By Donna Leon
Atlantic Monthly Press
To protect a younger colleague from saying something he shouldn't in a case with political implications, Commissario Guido Brunetti fakes a heart condition. To his surprise, he is advised at the hospital to take some time off to recuperate in Donna Leon's 26th novel in the series, Earthly Remains. Brunetti realizes he should take a step away from his work.
His wife's family holdings include a villa on one of the largest islands in the laguna. There, he connects with an older man who knew Brunetti's father and who takes him rowing in a boat he built himself. Brunetti and Davide Casati quickly form one of those easy-going male friendships that is respectful of the other's privacy. Casati, the villa's caretaker, spends much of his time rowing and tending to beehives located throughout the laguna. He mourns his wife, who suffered before dying of cancer, and spends some time with his daughter and her family. But it is the rowing, the bees and the mourning that occupy most of Casati's time and heart.
It is the death of bees at several hives that appears to be a tipping point for Casati. He tells Brunetti his wife's death is his fault and he is going to go talk to her. Casati disappears.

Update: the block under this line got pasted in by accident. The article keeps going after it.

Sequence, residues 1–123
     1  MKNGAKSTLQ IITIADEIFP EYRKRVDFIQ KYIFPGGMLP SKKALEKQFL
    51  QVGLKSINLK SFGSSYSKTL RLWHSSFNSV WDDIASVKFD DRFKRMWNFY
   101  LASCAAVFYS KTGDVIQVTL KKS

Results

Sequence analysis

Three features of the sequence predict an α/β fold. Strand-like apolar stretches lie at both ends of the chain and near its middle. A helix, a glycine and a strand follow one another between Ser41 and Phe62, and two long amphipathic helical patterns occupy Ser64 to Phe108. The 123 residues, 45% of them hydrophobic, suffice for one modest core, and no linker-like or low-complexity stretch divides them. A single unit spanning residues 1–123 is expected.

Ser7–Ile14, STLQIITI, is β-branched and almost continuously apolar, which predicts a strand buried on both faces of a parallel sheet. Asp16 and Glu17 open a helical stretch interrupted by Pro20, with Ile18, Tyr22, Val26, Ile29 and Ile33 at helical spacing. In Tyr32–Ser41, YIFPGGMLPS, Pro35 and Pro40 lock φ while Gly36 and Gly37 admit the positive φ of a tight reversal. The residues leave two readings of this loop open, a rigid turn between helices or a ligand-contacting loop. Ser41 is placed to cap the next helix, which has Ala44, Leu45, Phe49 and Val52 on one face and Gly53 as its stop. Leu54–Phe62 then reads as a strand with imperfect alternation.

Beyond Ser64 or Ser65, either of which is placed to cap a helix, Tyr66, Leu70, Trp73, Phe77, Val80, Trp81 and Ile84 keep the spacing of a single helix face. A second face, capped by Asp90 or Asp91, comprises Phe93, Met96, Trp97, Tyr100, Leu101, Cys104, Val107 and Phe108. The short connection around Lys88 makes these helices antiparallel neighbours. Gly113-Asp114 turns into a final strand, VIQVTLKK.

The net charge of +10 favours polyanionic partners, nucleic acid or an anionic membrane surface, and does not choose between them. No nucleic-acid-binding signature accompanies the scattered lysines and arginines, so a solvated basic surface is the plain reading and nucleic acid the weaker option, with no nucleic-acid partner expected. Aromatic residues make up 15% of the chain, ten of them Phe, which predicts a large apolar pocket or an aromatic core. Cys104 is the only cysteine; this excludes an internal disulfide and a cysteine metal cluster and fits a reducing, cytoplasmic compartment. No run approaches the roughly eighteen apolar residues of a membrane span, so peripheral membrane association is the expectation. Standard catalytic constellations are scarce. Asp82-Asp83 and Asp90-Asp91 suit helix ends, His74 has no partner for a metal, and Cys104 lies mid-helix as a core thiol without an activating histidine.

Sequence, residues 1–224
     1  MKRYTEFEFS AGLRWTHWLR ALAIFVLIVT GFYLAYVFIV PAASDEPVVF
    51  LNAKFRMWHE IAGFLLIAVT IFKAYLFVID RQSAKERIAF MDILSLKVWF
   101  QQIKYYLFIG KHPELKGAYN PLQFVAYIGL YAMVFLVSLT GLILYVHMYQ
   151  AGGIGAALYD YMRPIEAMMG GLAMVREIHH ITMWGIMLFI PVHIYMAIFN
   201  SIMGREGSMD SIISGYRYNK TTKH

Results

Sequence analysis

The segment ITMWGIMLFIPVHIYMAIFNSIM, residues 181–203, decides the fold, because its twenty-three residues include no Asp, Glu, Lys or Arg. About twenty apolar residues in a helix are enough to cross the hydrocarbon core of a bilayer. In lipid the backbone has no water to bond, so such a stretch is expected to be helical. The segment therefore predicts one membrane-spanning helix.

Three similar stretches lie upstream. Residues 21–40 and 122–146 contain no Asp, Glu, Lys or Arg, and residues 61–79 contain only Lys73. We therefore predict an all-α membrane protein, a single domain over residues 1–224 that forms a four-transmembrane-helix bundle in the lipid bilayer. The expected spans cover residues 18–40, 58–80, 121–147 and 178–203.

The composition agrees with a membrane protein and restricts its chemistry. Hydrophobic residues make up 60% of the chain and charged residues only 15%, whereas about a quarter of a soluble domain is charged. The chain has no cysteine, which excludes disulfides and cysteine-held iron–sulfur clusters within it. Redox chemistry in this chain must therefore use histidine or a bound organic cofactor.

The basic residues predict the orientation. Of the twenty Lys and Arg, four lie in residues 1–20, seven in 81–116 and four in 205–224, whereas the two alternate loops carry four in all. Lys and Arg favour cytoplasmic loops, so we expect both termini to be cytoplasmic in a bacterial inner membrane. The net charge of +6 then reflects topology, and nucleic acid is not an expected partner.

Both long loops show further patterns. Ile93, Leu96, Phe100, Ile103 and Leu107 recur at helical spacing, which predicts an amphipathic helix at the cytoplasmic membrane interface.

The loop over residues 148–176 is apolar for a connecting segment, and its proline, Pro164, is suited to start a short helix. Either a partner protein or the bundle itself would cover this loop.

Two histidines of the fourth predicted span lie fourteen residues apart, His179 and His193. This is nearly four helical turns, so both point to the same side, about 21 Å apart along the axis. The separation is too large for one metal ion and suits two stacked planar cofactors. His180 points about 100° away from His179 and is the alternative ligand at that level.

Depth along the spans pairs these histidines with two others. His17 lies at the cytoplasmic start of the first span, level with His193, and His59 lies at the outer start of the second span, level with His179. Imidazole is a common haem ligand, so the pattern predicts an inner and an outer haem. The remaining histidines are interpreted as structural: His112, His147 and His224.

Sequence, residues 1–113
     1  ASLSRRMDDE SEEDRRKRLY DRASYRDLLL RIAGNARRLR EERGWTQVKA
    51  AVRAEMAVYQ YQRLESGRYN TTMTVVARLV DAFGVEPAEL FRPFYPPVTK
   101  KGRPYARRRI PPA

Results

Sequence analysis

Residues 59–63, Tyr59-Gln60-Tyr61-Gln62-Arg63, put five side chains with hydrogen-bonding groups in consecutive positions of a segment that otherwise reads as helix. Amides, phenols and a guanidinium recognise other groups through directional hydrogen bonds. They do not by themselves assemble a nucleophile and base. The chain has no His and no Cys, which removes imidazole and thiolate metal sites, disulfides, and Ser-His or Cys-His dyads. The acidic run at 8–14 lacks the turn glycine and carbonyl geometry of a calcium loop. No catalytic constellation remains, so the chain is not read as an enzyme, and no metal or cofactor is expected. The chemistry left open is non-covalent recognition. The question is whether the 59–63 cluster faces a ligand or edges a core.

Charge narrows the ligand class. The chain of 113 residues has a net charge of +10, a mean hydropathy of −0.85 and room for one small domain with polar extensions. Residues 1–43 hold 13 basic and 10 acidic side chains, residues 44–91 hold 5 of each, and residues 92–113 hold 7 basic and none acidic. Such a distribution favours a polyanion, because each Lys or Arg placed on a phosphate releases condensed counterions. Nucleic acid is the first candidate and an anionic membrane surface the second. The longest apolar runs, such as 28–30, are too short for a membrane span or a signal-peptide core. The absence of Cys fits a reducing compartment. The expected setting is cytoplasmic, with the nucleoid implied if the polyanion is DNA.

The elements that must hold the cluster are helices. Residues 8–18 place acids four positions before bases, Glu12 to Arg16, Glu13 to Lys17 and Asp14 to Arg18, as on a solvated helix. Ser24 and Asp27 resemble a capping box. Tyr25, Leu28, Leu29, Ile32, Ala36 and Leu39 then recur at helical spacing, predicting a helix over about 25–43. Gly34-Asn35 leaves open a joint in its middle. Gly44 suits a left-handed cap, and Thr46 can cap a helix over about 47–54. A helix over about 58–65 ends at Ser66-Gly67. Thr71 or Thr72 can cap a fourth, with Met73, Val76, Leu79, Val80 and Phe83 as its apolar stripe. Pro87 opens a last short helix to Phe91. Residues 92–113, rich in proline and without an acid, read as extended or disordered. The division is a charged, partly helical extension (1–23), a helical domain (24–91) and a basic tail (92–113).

In tracing Casati's life backward from the time he left a factory and became a caretaker and beekeeper, Brunetti encounters other people who together weave a story of legacy. When someone leaves this life, what will be his earthly remains? What of the earth will remain? As Casati asks Brunetti, "Do you think somme of the things we do can never be forgiven?"
Leon has a light touch when bringing conclusions into the story. It is the questioning, and the wanting to consider the possible answers to the questions, that form the strong underpainting in her work.
As our hero ponders:
Brunetti had spent much of his reading life amidst the minds and convictions of people who had lived thousands of years ago, and he had learned not to laugh at their ideas but to try to understand why they thought the way they did. After all, his own world lived in constant discovery of its own ignorance.
The contrast in characters, their motives and their fates is fascinating and provokes curiosity. Seeing the choices each character made in the past, and how it has impacted their present and the future of others, is one of the most rewarding aspects of Earthly Remains.
The most rewarding aspect, however is the time spent with Brunetti and Paola, Brunetti's colleagues and the Brunetti library.
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